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Position classification determines the occupational category, title, grade, and career path. The position is classified based on the duties, responsibilities, and qualifications required to do the work as described in the position description. The pay range for a position is determined by the occupational category and grade of the position. Persons doing like jobs will be paid within the same pay range regardless of personal attributes and qualifications, i.e., equal pay for substantially equal work.

Classification of both Federal and Trust Fund positions at SAO is based on classification standards issued by the U.S. Office of Personnel Management. These standards are used to determine the occupational category, title and grade of your position. Your position is assigned an official job title based on the duties and responsibilities described in your position description, but to meet operational needs your supervisor may assign a working title to your position. For example, although your official job title may be Computer Specialist, your working title may be Systems Manager.

It is important to remember that it is the duties and responsibilities of the position that is classified and not you as a person. There are a number of factors that are not considered when jobs are classified such as:

  • The qualifications of the person in the job. The work is classified, not the abilities of individual employees.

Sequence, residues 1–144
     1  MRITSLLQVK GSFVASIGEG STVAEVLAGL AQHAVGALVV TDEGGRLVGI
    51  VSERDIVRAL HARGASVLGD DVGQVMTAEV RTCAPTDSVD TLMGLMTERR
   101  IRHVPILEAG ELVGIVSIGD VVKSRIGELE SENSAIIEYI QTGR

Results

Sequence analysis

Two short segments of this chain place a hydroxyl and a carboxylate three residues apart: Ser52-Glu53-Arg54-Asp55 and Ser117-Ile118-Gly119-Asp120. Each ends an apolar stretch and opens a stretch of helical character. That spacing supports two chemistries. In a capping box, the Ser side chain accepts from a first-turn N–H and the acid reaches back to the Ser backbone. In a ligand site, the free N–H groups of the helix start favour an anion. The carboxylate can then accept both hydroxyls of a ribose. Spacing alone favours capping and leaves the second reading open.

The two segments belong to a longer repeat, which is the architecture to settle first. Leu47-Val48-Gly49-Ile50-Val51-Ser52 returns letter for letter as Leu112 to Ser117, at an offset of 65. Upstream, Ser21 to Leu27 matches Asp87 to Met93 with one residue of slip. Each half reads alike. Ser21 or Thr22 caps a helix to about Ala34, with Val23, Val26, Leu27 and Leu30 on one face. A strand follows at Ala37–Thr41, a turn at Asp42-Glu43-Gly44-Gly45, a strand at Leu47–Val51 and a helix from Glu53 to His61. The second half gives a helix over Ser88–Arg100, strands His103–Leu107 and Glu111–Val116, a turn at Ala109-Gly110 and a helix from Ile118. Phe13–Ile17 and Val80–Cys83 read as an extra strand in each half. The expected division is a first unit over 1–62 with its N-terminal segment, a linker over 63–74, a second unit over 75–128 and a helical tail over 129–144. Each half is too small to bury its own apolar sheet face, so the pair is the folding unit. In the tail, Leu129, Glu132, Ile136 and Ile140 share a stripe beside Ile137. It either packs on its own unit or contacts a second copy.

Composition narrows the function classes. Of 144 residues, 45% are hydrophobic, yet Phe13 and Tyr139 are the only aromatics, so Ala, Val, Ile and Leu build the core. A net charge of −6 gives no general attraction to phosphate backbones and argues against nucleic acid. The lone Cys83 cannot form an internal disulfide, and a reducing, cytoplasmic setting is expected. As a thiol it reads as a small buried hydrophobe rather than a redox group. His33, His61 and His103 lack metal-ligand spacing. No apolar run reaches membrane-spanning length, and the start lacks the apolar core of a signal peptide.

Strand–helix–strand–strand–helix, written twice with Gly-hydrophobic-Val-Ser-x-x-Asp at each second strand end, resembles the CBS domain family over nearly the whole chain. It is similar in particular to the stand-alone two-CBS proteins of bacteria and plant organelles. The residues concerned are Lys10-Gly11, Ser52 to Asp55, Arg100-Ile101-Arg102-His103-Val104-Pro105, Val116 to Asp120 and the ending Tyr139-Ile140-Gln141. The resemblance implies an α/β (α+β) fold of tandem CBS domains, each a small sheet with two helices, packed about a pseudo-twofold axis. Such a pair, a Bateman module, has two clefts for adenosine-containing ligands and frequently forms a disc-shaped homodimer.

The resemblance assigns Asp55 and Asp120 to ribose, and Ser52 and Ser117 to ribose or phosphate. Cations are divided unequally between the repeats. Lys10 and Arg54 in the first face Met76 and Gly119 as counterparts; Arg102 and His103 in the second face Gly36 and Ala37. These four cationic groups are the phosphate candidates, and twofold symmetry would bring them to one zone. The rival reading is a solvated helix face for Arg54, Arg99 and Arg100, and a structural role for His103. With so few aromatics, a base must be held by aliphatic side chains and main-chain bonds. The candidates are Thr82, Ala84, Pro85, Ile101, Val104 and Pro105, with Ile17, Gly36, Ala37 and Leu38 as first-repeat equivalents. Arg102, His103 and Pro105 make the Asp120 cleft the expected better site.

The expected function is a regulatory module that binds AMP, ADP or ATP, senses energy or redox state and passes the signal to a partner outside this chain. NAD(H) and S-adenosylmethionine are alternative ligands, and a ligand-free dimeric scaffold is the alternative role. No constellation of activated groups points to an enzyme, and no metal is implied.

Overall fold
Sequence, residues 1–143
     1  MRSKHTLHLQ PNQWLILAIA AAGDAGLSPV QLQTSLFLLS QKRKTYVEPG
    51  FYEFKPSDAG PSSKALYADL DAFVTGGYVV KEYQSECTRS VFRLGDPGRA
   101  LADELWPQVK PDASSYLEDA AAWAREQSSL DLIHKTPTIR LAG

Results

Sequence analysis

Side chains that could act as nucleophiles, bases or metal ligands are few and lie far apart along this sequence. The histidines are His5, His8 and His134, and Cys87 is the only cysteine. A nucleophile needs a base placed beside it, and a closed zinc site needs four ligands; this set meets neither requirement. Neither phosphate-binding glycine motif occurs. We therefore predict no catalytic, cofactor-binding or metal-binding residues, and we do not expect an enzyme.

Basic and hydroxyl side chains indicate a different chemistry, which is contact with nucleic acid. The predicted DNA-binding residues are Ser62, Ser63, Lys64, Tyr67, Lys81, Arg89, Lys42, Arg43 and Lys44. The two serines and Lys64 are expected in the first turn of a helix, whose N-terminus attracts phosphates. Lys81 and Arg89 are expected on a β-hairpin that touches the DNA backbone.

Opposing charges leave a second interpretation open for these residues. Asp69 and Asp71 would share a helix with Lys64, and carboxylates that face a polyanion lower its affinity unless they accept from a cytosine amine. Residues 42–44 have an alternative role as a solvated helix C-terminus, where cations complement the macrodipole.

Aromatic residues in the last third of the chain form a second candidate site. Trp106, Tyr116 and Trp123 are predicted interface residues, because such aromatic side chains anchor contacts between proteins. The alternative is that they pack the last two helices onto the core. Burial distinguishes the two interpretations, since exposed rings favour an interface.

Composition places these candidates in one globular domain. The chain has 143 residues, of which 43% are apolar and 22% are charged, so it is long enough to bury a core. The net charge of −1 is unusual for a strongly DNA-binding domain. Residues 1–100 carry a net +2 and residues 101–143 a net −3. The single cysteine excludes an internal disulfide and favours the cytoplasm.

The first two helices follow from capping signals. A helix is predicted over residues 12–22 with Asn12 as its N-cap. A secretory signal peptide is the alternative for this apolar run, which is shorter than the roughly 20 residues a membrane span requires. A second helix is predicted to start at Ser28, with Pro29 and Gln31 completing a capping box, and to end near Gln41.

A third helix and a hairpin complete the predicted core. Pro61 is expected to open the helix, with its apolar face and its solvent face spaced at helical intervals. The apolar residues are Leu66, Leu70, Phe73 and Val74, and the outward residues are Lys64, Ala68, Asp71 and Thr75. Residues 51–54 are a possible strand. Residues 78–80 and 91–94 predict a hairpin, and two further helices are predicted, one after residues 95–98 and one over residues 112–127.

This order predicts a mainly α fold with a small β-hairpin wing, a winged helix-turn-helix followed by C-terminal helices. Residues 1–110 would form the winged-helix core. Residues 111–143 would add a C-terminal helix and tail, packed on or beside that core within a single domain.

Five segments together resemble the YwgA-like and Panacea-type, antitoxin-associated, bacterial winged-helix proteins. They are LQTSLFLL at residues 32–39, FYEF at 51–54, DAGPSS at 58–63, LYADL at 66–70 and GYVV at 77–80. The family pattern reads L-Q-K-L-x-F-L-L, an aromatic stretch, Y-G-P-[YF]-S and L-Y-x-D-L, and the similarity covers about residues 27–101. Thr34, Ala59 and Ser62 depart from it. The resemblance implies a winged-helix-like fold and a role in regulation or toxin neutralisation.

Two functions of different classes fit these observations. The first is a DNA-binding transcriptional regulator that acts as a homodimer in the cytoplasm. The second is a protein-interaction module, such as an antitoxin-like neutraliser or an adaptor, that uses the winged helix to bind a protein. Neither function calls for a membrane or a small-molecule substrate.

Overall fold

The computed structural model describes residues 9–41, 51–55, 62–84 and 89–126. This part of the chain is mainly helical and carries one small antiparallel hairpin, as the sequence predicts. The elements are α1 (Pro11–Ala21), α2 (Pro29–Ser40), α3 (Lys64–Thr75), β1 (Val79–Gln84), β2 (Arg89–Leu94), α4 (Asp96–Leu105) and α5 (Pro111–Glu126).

• Performance of the individual in the job. All employees are expected to perform successfully no matter what the grade of their positions. Positions are classified based on the assigned duties and responsibilities, not on how well the incumbent carries them out.
  • Volume of work done. It is the kind and level of complexity of the work that is important in classifying jobs, not the quantity of work.
  • Length of Smithsonian or government service.
  • Titles of positions. Grades are based on the duties and responsibilities of jobs, not on what jobs are called.

If you have questions regarding your classification, i.e., your grade, title or occupational designation, you should discuss them with your supervisor. If you believe that your grade or occupational designation is wrong, you should first talk with your supervisor about whether or not your position classification may be reviewed. If you still feel that your occupational designation or grade may be incorrect, you may appeal your job classification to the SI Office of Human Resources. Civil Service employees have the option of appealing directly to the U.S. Office of Personnel Management. Before appealing, you and your supervisor must agree on a job description that is current and accurate.